20 Jun 2020

Creditors seek to have liquidator removed over prison contract stoush

8:16 pm on 20 June 2020

A bitter struggle has developed over who should be in charge of winding up a company involved in an aborted contract to help build prisons in this country.

Inside Paremoremo Prison

Photo: RNZ / Claire Eastham-Farrelly

Decmil NZ is a wholly owned subsidiary of Australian-listed large project management services company Decmil Group Ltd (DGL).

It was contracted in 2017 to deliver three accommodation units with a total of 366 beds at Rolleston and Tongariro prisons. The contract was varied in 2018 to provide an additional five units at Christchurch Men's, Christchurch Women's and Rimutaka prisons.

The deal, totalling $198 million, turned sour late last year because of quality and timing issues, and the Department of Corrections terminated the contract in February.

Parent company DGL appointed Perth-based Dermott McVeigh as liquidator, claiming the termination of the contract and non-payment by Corrections had led to Decmil NZ's insolvency.

McVeigh said he was still to formally determine whether the termination of the contract, due to issues around quality and delays, was legitimate.

"My legal advice is that they were not [entitled to terminate], they were entitled to charge liquidated damages for the delays and those delays were increasing but at no stage were they simply entitled to terminate."

"That is probably the most important point because it's only if their termination is valid that they get to charge the extra costs to complete the contract. If their termination is not valid then the damages claims swing back in favour of Decmil," he said.

The units were said to be unsuitable for prison accommodation because of cracking in panels, which Decmil NZ and Corrections had been working to fix and deal with the subsequent delay.

"They were working through the problem … so we're still unsure why the political winds changed so sharply on the department's side [and they terminated]," McVeigh said.

He said as liquidator he had been talking to people under oath to seek more information, but Corrections has refused to allow their staff to be examined.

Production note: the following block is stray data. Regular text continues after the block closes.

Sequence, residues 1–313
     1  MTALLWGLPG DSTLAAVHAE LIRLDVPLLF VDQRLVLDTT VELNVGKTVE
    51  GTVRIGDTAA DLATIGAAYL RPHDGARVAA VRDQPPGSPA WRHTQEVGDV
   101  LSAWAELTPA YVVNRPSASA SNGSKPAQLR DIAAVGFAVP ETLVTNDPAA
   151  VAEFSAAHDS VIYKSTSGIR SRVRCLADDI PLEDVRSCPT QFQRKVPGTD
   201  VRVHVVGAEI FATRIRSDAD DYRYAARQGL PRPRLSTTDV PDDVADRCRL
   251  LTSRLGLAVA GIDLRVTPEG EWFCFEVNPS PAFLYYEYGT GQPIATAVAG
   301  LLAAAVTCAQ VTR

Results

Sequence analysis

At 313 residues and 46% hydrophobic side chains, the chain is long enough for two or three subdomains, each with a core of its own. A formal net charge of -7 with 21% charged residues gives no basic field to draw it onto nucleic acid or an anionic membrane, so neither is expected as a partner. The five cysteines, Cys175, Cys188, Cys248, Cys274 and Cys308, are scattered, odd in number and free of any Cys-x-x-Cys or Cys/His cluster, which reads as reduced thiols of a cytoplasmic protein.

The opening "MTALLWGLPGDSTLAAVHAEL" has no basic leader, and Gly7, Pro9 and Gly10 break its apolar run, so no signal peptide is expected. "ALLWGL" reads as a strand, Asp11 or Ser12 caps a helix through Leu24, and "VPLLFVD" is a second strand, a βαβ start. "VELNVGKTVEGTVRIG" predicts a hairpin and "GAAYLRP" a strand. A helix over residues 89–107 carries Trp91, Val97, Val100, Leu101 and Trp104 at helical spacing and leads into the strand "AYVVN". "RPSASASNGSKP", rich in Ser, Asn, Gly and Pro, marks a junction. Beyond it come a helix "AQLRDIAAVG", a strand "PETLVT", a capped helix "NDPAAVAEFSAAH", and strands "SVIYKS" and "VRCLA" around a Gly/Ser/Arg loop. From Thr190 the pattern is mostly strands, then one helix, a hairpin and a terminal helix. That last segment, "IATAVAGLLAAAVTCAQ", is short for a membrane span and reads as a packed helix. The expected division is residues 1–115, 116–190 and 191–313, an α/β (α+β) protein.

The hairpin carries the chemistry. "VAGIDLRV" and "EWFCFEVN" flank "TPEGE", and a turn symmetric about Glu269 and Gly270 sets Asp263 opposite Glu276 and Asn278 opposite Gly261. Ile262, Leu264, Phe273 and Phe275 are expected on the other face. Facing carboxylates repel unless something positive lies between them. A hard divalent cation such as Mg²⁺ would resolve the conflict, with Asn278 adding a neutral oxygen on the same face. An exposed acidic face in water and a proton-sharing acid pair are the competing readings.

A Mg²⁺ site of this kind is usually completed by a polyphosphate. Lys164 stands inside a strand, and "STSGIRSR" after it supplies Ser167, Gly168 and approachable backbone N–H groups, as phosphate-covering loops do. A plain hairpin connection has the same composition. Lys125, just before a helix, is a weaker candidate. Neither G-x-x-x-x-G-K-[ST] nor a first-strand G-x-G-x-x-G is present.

Move to change the liquidator

McVeigh said as he started asking questions, Corrections started moves to have him replaced.

"It came about two or three days after I said I thought there was a claim against [the Department] and that I intended to investigate it."

Corrections has found an ally to replace McVeigh in the form of the debt-buying company Tempest Litigation Funders, which has bought Decmil NZ debt off a creditor.

Tempest director Damien Grant has said McVeigh should be replaced because he is based in Australia and has been appointed by Decmil NZ's parent.

"We don't know McVeigh but because he's based in Australia we have no visibility on him or his practice or his experience or his competence," Grant said in a video posting on You Tube.

"It is remarkable and inappropriate to have an Australian-based practitioner administering such a large insolvency."

Grant said he has received substantial backing from creditors to replace McVeigh, which will be decided at a meeting on Wednesday.

"I am very confident that if a vote was held, the majority of the creditors would vote to replace Mr McVeigh."

McVeigh said the issue was effectively contractual not criminal, but Corrections was acting outrageously and the joint campaign with Grant to remove him was "reprehensible".

"This seems to be an effort from Corrections to slip out of the claim and that if they had friendly liquidators put in place they won't continue to investigate them."

Grant has denied he is working with the department and said his only contact has been to check if his suggested replacement liquidator would be appropriate.

McVeigh said Grant was in it for the money, whereas he wanted what was best for creditors.

"He bought a debt for $1000… He has no interest in this whatsoever he has deliberately bought his seat at the table… he's just after the commercial return here.

"This is not fun, people have lost significant amounts of money here and I'm trying to get that back for them."

Corrections did not reply to questions about the move to replace McVeigh as liquidator or its contacts with Grant, because the issue was now a matter of a formal dispute.

But it referred to a statement in May by the deputy chief executive for Finance, Property and Technology, Andrew Robertson, which said Decmil NZ was liable for the extra costs incurred by Corrections to complete the project and arbitration had been agreed as the way to recover this money.

"In the interests of protecting the New Zealand supply chain, Corrections has made payments to subcontractors for validated works where Decmil has defaulted in doing so, and we will be seeking to recover this money," Robertson said.

The projects have still not been completed.

Grant has been contacted for comment.